Domestic violence: still not chic, artistic or cutting edge

woman sits on couch with black eye and done up hair while man stands behind holding a necklace

The image pictured above is an ad for a hair salon.

It depicts a woman with a black eye sitting on a couch in a dress with her hair done up, and her apparent abuser standing behind her, holding out a piece of jewelry (presumably to make up for inflicting the black eye).

The implication of this ad is that, as a woman, your desire to be beautiful should extend to any situation, even when you’re being beaten by your partner.

It’s tired, offensive, and disgusting, and it’s rightly inspired a number of people to speak out (see comments here).

When I come across such glibly sexist and unambiguously violence-apologist media, I’m often left with frustration that my feeling of rage and indignance aren’t enough. Why do people continue to make light of a topic that has brought about so much violence, pain, and death? Why don’t they understand how they are contributing to the problem?

Instead of asking “Is an ad featuring a battered woman offensive or artistic?”, as this article does, we should ask “is an ad depicting a woman’s black eye as a glamorous accessory and her violent perpetrator as a jewelry-bearing lover creepy, disgusting, offensive, or all three?”

The salon that originally created the ad campaign issued a media release in response to the hubbub, in which it apologized for the ad and also promised to donate proceeds to a women’s shelter. That’s a good start. But the release also featured this ridiculous copout, an attempt to downplay the seriousness of the offense which undermines the rest of the apology:

“Is it cutting edge advertising? Yes. Is it intended to be a satirical look at real life situations that ignites conversation and debate? Of course. Is it to everyone’s taste? Probably not.”

Cutting edge? Please. People have been trivializing domestic violence in ad campaigns for years, so yall can just join the club.

As we discovered during our Feministing group chat on the “Love the Way You Lie” video, depictions of domestic violence in pop culture can be complicated. They are easily controversial, inspiring a host of different reactions even among a group as pro-woman as our writers. That being said, I think it’s safe to say that the whole crew would have a much more unanimous reaction to the ad above.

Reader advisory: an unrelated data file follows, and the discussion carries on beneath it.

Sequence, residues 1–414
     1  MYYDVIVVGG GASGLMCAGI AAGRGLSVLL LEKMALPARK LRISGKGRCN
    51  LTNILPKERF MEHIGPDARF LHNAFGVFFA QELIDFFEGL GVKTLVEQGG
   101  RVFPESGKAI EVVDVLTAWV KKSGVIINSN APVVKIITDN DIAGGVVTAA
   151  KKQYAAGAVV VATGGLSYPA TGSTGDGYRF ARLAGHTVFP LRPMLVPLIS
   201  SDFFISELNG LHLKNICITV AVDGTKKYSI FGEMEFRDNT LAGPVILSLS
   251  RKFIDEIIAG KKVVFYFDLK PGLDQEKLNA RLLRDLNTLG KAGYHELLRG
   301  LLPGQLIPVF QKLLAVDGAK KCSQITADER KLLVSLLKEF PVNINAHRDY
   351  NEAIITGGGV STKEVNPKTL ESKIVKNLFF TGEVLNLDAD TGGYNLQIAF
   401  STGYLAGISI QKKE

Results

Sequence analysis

Considering this is supposed to be an ad for a hair salon, the worst part may just be the hair itself!–lookin like a bird’s nest. Advertising #fail.

I can’t emphasize enough how dangerous and harmful it is to trivialize violence against women, as this ad does. In the words of Rachel Griffin, an Assistant Professor at Southern Illinois University at Carbondale and an anti-sexual violence activist, “if our media depicted more accurate representations of the systemic and everyday nature of gender violence at the intersections than perhaps more people would care and most importantly more people, largely women, would have access to the information they need to survive.”

H/t @heysuburban

Brooklyn, NY

Lori Adelman is a writer and advocate focusing on race, gender, and sexual and reproductive rights. In addition to her work at Feministing, Lori is an Associate Director at Planned Parenthood Global. Lori has previously worked at the United Nations Foundation, the International Women’s Health Coalition, and Human Rights Watch, and has written for a host of print and digital properties including Rookie Magazine, The Grio, and the New York Times Magazine. She regularly appears on radio and television, and has spoken at college campuses across the U.S. about topics like the politics of black hair, transnational movement building, and the undercover feminism of Nicki Minaj. In 2014, she was named to The Root 100 list of the nation's most influential African Americans, and to the Forbes Magazine list of the "30 Under 30" successful people in media.

Lori Adelman is an Executive Director of Feministing in charge of Partnerships.

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